Nuance of "be willing to do something"???
I read an explanation on the meaning of "be willing to do something." It says that the phrase has a nusance that the people don't care of the results... I mean when we say "I am willing to do the work," it means, according to the explanation, that whether I do the work or not, I don't care the result. Is that right??
"I am willing to do the work" does not mean to me that the speaker does not care about the result. The words do not suggest that.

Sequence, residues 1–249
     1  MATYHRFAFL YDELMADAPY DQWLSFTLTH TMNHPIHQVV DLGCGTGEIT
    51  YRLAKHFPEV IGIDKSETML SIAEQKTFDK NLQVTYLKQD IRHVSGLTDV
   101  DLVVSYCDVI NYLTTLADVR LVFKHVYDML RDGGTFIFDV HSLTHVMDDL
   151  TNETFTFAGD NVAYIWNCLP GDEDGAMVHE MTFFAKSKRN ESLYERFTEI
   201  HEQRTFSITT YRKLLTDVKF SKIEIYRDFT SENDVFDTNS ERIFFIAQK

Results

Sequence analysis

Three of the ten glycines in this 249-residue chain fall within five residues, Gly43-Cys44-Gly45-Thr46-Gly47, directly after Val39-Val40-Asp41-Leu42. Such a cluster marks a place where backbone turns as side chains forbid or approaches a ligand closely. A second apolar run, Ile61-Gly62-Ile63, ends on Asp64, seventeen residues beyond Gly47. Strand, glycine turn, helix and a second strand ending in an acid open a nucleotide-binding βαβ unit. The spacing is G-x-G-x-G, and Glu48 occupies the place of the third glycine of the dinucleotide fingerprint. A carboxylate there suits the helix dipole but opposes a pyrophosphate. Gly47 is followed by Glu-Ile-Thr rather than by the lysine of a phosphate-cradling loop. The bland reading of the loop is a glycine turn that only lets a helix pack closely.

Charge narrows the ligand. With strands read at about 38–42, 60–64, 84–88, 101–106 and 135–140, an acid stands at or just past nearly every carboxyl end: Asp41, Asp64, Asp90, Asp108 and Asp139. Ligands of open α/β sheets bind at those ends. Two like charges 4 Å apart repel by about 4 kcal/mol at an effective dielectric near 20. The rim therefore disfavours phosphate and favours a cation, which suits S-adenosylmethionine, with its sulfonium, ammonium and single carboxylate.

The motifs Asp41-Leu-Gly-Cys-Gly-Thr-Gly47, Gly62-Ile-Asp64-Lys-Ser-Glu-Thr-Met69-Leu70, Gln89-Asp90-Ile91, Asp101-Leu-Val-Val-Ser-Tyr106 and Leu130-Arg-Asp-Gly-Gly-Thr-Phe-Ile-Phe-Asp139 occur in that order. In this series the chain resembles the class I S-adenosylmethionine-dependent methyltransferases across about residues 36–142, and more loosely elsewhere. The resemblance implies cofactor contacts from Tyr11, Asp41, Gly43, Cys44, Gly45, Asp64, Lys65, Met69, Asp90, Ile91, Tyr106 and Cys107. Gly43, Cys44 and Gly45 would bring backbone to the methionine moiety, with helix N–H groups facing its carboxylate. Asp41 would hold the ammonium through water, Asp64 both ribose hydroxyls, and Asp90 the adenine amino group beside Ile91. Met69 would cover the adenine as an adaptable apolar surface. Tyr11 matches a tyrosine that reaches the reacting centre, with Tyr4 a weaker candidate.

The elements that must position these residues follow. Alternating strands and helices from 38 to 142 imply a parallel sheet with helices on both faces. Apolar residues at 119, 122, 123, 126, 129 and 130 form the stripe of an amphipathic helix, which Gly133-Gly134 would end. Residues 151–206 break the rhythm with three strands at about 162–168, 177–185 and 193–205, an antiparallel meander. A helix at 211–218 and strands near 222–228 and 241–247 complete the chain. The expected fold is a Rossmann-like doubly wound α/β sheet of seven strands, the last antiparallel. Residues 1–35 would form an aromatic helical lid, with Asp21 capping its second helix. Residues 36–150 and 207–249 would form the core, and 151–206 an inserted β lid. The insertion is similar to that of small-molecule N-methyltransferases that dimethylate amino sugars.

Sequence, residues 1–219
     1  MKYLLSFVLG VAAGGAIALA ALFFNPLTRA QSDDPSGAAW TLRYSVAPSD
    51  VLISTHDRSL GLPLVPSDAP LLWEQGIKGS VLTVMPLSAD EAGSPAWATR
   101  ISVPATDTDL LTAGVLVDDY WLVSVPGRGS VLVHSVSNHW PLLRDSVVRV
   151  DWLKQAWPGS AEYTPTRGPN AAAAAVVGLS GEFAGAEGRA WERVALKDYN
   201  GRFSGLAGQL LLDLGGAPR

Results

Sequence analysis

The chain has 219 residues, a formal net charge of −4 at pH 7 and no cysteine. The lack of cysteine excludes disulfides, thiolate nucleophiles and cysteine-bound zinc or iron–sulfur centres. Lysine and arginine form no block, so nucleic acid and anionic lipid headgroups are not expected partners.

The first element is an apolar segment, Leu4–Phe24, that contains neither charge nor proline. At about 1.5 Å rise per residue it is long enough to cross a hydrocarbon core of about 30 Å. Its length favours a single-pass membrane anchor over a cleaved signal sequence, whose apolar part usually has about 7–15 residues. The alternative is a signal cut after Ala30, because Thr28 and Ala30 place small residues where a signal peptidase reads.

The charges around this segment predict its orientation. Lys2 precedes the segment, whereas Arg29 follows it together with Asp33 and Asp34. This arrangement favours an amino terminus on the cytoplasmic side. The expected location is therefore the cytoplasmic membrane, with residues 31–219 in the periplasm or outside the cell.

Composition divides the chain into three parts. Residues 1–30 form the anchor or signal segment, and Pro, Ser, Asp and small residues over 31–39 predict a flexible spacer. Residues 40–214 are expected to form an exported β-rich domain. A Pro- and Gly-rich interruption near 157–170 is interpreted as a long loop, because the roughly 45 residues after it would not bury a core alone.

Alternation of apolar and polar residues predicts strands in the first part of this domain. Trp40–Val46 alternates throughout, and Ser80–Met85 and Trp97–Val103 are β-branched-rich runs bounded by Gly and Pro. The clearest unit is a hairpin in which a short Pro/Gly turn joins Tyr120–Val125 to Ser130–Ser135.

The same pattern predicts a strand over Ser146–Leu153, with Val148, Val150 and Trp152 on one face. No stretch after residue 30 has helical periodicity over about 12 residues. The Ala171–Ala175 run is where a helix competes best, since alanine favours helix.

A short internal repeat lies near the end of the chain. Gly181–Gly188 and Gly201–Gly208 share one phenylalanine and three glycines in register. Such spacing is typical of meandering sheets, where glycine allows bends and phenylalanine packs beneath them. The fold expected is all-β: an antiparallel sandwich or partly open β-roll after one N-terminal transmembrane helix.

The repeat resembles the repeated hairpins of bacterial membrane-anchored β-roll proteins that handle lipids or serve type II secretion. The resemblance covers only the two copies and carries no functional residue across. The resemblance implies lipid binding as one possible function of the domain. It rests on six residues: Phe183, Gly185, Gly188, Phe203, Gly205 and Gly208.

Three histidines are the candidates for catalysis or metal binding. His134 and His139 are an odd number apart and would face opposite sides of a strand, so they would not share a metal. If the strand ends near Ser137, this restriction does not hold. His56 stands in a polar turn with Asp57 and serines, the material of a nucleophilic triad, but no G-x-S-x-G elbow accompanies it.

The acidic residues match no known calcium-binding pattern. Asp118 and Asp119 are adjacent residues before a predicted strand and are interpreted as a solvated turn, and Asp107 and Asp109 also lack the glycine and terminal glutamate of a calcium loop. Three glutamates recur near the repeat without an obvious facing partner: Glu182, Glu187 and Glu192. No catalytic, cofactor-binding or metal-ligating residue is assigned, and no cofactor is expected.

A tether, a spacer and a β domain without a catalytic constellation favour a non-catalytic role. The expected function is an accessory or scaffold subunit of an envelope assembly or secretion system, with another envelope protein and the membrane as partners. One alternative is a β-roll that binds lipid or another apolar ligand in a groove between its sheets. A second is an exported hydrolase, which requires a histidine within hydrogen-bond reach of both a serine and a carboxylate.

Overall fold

Re: Nuance of "be willing to do something"???
I agree with Ron.
Originally Posted by pb
Sometimes, that phrase is followed by a "but" which is some condition.
I am willing to do the work, but I'll nedd more equipment.
I am willing to do the work, but I want overtime pay.
None of this means that the worker doesn't care about the results.
I'll third that. In spoken English, intonation could convey a number of meanings.
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